10. I can't understand how you can regard this passage as translated literally form English. “In that direction,†the Cat said, waving its right paw around, “lives a Hatter: “Doon yon wye,†said da Cat, wavin his richt paa aboot, “der a Hat-makker at bides: Where is the literal translation here? The Shetland translation doesn't have any literal translation of the English syntax. 'Doon yun wye' for 'In that direction' where a literalistic translation would have been 'In dat ert'; 'Der a hatter at bides' - using the characteristic Shetland constructin with 'der' (or 'dae'r' as I w
  11. My favourites: Poseidon: Another Christian that can't spell (hyphenate) or speak grammatically, And using the "no true Scotsman" Argument to boot Laughing Log on to any evangelical website and the first thing you'll notice is their lack of basic English. Edit. Not just a sleight on Christians, I also pull up non Christians on bad grammar and spelling. _________________ If God wanted us to believe in her she would exist. AND I would have thought basic English would be a requirement for admission to uni? Your childish deliberate misspelling above says a lot about you. Smile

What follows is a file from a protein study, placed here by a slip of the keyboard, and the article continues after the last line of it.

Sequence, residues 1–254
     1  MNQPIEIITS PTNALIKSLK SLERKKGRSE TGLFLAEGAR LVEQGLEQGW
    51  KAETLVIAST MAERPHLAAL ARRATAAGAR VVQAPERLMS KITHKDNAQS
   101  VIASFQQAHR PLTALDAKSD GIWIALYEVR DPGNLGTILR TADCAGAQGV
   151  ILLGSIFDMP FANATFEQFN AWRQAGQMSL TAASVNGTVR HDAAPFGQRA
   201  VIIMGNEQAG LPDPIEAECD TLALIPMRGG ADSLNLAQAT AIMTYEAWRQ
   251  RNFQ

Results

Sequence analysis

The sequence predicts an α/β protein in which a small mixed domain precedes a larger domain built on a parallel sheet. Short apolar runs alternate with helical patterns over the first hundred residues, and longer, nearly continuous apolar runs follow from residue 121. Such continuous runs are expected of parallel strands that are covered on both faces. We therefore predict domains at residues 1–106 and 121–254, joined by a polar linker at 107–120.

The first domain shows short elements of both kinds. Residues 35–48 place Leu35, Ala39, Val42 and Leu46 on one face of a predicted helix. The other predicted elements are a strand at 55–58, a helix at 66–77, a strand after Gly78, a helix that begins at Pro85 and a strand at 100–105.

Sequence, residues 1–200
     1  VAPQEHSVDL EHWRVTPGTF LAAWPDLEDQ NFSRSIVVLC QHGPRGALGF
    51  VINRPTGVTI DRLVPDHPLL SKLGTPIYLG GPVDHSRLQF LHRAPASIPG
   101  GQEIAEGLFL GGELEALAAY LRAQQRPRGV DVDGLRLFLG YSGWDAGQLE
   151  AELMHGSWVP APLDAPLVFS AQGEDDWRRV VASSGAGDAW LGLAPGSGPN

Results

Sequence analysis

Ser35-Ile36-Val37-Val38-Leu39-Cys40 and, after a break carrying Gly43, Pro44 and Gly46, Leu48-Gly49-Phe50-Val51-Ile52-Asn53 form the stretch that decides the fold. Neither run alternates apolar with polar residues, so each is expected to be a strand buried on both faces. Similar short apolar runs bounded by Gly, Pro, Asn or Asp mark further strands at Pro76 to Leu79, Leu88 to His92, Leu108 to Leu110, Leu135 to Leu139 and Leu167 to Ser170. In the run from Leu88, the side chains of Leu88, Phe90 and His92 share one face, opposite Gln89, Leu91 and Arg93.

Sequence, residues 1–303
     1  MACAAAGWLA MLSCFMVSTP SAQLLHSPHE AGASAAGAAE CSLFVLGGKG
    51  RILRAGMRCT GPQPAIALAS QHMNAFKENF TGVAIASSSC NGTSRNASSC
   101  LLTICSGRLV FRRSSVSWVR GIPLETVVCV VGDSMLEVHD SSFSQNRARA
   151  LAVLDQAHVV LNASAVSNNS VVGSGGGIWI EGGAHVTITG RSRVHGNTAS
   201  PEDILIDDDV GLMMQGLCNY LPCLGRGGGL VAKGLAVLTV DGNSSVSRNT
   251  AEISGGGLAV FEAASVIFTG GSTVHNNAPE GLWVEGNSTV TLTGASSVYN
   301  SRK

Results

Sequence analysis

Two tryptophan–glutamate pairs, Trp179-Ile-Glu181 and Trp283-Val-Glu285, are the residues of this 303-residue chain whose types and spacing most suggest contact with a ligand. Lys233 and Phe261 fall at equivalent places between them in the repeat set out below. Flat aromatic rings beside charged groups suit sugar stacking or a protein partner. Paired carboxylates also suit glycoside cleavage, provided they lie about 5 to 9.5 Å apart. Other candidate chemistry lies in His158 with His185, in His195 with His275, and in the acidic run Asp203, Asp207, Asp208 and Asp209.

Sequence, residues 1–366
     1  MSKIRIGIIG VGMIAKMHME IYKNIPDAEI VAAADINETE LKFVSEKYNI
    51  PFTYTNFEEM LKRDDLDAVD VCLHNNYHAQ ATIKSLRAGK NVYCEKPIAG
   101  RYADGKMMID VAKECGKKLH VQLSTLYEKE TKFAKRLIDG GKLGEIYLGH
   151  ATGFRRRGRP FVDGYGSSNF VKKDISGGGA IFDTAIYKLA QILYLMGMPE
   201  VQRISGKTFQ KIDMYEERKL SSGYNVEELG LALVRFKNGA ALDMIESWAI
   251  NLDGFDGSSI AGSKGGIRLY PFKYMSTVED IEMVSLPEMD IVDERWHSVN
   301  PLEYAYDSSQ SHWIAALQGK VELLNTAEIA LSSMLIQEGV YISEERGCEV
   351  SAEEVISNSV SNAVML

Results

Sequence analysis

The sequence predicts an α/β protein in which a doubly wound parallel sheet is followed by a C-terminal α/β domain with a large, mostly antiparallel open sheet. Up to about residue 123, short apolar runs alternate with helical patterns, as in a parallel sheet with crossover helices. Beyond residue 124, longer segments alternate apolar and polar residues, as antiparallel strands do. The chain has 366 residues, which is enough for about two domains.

12. Well, there's (at least) two possible stages - the first would involve only the mods knowing peoples' real names, and the second posting using only real names. Many forums allow posting under a pseudonym but require real names etc. (though I don't suppose many of them check up on them) for registration. That would allow anonymity for posting but still maybe make folk think twice about what they say. I would have thought that, in a place the size of Shetland, fake names and addresses would be more easily 'rumbled'. Wouldn't make it any easier in the case of posters from outwith, of course.
  13. Maybe it is. But most of it is still in English, mostly because many of the queries are from people outside of Shetland. Obviously if someone asks a question in standard English and they're obviously not from Shetland, you're going to reply in standard English. So there's a situation where, while you know you can post in the Shetland tongue in the Shetland section, most of the time you don't; and whether you can or not in the forum at large is a good question. But I return to the point which several people have mentioned. Anonymity is the real problem. I wonder how many of those who make
  14. So what's your point... **Mod edit - personal insult removed - let's keep things civil** I'm sure there must be a Latin phrase which, when unpacked into standard English, communicates the point that further comment is unnecessary as the point has been adequately demonstrated by the efforts of the opposition.